Because it gets so hot in summer Greeks stay up late to take advantage of the cooler air and then sleep in the hottest part of the day. You’ll see whole families, including toddlers, going for a walk or a meal at 10pm.

Business hours for shops are usually along the lines of Monday and Wednesday 9am – 3pm and Tuesday/Thursday/Saturday 9 – 2pm and 5:30pm – 9pm. It can vary a bit and some places don’t open again on Saturday evenings. Department stores and supermarkets tend to stay open all the way through.

The quiet hours between 2/3pm and 5:30pm are taken seriously. You aren’t allowed to blare music from your car radio, talk loudly outside etc and builders can’t usually work through quiet hours. It’s like breach of the peace after 11pm in the UK would be.

Please be respectful of quiet hours. In island villages, holiday accommodation is often mixed in with residential accommodation and in very close proximity.

Be aware that people in the apartments around you might be sleeping in the afternoon. They usually have to get up early after being up late so they need the extra nap time.

Power Sockets, Plugs and Voltage

The plugs, sockets and voltage in Greece are different to many areas of the world. Unless you’re coming from somewhere with European appliances you’ll need a travel adapter for your device plugs. You might also need a converter so that your items work on the Greek voltage and electrical frequency.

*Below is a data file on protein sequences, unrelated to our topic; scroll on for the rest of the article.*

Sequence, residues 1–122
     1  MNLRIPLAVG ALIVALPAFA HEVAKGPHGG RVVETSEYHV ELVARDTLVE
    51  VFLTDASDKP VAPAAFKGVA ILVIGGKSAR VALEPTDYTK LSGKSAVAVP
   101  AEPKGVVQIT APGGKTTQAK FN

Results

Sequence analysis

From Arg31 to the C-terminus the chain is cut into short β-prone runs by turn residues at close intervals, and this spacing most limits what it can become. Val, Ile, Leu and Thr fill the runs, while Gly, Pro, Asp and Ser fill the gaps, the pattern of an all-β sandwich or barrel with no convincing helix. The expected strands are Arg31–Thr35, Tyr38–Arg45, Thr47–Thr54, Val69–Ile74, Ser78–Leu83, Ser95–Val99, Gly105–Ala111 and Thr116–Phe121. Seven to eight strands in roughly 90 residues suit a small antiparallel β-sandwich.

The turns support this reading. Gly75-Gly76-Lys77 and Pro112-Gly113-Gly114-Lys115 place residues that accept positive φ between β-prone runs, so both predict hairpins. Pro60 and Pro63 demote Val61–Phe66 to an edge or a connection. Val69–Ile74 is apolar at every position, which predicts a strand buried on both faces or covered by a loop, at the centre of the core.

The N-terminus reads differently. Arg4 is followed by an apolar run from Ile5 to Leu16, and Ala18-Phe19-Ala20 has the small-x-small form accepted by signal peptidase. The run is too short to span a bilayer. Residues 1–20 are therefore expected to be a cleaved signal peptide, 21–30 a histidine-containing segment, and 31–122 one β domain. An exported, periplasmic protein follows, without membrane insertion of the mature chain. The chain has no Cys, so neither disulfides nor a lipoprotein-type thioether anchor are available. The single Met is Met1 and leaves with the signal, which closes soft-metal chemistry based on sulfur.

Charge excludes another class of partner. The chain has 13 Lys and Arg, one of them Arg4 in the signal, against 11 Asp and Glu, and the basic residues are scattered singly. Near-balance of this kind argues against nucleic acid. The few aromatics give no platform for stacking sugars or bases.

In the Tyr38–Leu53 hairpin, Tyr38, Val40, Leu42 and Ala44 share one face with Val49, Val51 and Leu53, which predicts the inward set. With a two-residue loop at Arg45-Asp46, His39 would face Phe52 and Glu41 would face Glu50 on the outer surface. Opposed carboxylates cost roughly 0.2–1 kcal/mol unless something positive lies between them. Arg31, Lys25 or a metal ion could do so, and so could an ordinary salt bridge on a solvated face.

See also: Power In Greece

Where can I do laundry/washing?

If you just want to do a little bit of handwashing during your stay, don’t bother bringing travel wash. Pick up a small box of powder from the shop. It’s really cheap, I think it’s more effective, and many places will provide a small washing bowl in your room

Hand-wash soap powder tucked away at one of the village springs

Chuck everything in overnight, rinse it and hang it out to dry in the morning.

For a mid-stay load make sure you book at least a night or two in an apartment with a washing machine. Or head to the local laundry/laundrette.

Note that not every island will have a laundry, and many that do literally are laundries, not self-service laundrettes. I’ve used a few in different places, and the turnaround time has been about 2 hours.

On average, I’ve paid between 5 euro for wash up to 15 euro (Santorini) for wash and dry. Although I think one place in Mykonos was something ridiculous, like 18 euro. If you don’t want them to use fabric softener you need to really insist that they don’t.

I usually just get my stuff washed and I dry it where I’m staying as I think that’s much nicer to dry it outside. However, it will depend on the size and facilities of your accommodation plus the time of year you visit.